Our capital city’s sewerage system might be hidden underground, invisible to everyone except the brave people who go down there and risk their lives dealing with fat-bergs, but without it London would fall apart in a few days. Imagine the terrible stench you’d get from the massive mountains of waste dumped by more than eight million people every day?
When Sir Joseph William Bazalgette, the 19th century engineer, created a sewer network to rival any in the world, he did a lot more than simply rid the city of the ‘Great Stink’. He made changes that would last well over 150 years, and probably saved many thousands of lives that would otherwise have been lost to filth and disease.
As a popular plumber in Dulwich, now and again we find ourselves encountering corners of the capital’s hidden sewerage network during our everyday work. It’s fascinating. Here’s a potted history of it.
About London’s sewerage system
Bazalgette’s original sewer system is now owned and run by Thames Water, and it caters for almost all of Greater London. But roll back time 150 years and the mighty Thames was nothing more than a stinking mess, thanks to the huge amounts of sewerage being dumped directly into it. Public health took a blow, thanks to regular cholera outbreaks and the horribly unsanitary conditions. And the smell was indescribably bad.
The reasons for the water supply’s contamination with cholera was diagnosed correctly by Dr John Snow in 1849, but people still believed it was down to ‘miasma’ – AKA bad air. Plans for a new system were made, and didn’t happen thanks to a lack of money. But the famous Great Stink of 1858 saw the government – which was driven out of the Houses of Parliament thanks to the stench – finally take steps.
At the time Joseph Bazalgette was a talented civil engineer, employed as Chief Engineer of the Metropolitan Board of Works. He took responsibility and designed an awesome underground sewerage system to divert waste to the Thames Estuary, away from the city. It wasn’t ideal. Nowadays we know it’s crazy to swill raw sewerage directly into our seas and rivers, but back then it seemed like a clever thing to do. And it worked.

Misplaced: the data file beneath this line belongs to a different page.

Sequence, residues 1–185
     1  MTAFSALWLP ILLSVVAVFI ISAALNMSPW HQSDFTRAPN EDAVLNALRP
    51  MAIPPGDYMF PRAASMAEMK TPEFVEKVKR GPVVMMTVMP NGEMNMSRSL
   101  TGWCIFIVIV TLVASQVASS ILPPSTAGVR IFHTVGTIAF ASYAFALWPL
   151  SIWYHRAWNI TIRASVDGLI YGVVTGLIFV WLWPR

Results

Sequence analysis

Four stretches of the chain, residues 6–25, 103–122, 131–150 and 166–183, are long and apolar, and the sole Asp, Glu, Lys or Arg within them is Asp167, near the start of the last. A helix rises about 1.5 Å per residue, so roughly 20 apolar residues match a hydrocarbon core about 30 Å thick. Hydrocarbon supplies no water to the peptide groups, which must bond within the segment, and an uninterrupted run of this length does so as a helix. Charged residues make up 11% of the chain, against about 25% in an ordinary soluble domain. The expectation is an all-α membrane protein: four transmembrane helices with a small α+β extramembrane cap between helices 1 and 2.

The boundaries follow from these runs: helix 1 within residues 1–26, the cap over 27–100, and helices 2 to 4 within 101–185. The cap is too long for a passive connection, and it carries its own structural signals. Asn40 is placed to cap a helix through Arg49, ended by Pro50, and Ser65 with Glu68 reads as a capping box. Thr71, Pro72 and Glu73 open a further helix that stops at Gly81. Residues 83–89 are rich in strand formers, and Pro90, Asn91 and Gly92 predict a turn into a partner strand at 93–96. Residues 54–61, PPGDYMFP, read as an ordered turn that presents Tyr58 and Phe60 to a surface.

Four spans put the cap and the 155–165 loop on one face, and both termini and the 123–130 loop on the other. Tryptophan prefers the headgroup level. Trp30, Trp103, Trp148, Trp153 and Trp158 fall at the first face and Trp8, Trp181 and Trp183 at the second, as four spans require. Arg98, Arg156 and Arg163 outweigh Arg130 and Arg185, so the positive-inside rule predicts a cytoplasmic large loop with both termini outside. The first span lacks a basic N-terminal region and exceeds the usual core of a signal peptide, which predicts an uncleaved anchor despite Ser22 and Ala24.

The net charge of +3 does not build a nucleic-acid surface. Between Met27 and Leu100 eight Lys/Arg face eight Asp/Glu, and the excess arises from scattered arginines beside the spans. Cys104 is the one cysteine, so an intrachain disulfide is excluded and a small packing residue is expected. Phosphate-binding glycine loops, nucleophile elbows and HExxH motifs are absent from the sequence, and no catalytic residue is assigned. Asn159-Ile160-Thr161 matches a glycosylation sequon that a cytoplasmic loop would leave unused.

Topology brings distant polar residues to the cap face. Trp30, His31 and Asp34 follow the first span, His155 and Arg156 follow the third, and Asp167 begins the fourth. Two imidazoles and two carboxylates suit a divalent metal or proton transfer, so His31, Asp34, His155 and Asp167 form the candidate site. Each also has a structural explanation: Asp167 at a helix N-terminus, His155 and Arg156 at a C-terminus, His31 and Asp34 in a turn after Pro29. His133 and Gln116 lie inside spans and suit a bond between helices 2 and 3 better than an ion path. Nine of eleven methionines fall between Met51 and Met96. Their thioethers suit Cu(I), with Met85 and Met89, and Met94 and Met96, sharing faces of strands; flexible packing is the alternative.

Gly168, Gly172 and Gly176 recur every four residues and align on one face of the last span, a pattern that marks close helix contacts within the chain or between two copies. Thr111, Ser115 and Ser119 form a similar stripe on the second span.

Bazalgette created six major interceptor sewers a total of 100 miles long, some following the routes of ancient lost rivers like the Tyburn. These were fed by 450 more miles of tunnels, which were in turn fed by another 13,000 miles’ worth of smaller tunnels. The project ate up an unimaginable 318 million bricks. The workers dug up about 2.7 million cubic metres of earth during construction, and used 670,000 cubic metres of concrete to complete the task.
During the 1900s major improvements were made, finally freeing much of the Thames estuary and North Sea from many decades of pollution. The city’s growth is still putting pressure on the system, which sometimes gets overwhelmed. When the Isle of Dogs and Royal Docks were developed in the 1980s and ’90s, the London Docklands Development Corporation kicked off a huge new drainage infrastructure to manage future loads. Adding 16 miles of new drains and building new pumping stations at Tidal Basin and North Woolwich helped a lot.
There’s more. A brand new London sewer is underway, and it’ll run under the Thames to a vast treatment plant in east London. The work has been going on for three years and 4,000 people are working on the project, which is probably going to take another 12 years to complete. In the meantime a multi-billion pound interim scheme is set to build two more new tunnels, designed to take excess storm water away for treatment.
Your own domestic or commercial plumbing system is a dream of simplicity compared to the tangled network beneath our streets. And if it goes wrong, we won’t need to tramp around miles of smelly tunnels to fix it, thank goodness! If you need a trustworthy professional Dulwich plumber, walk this way…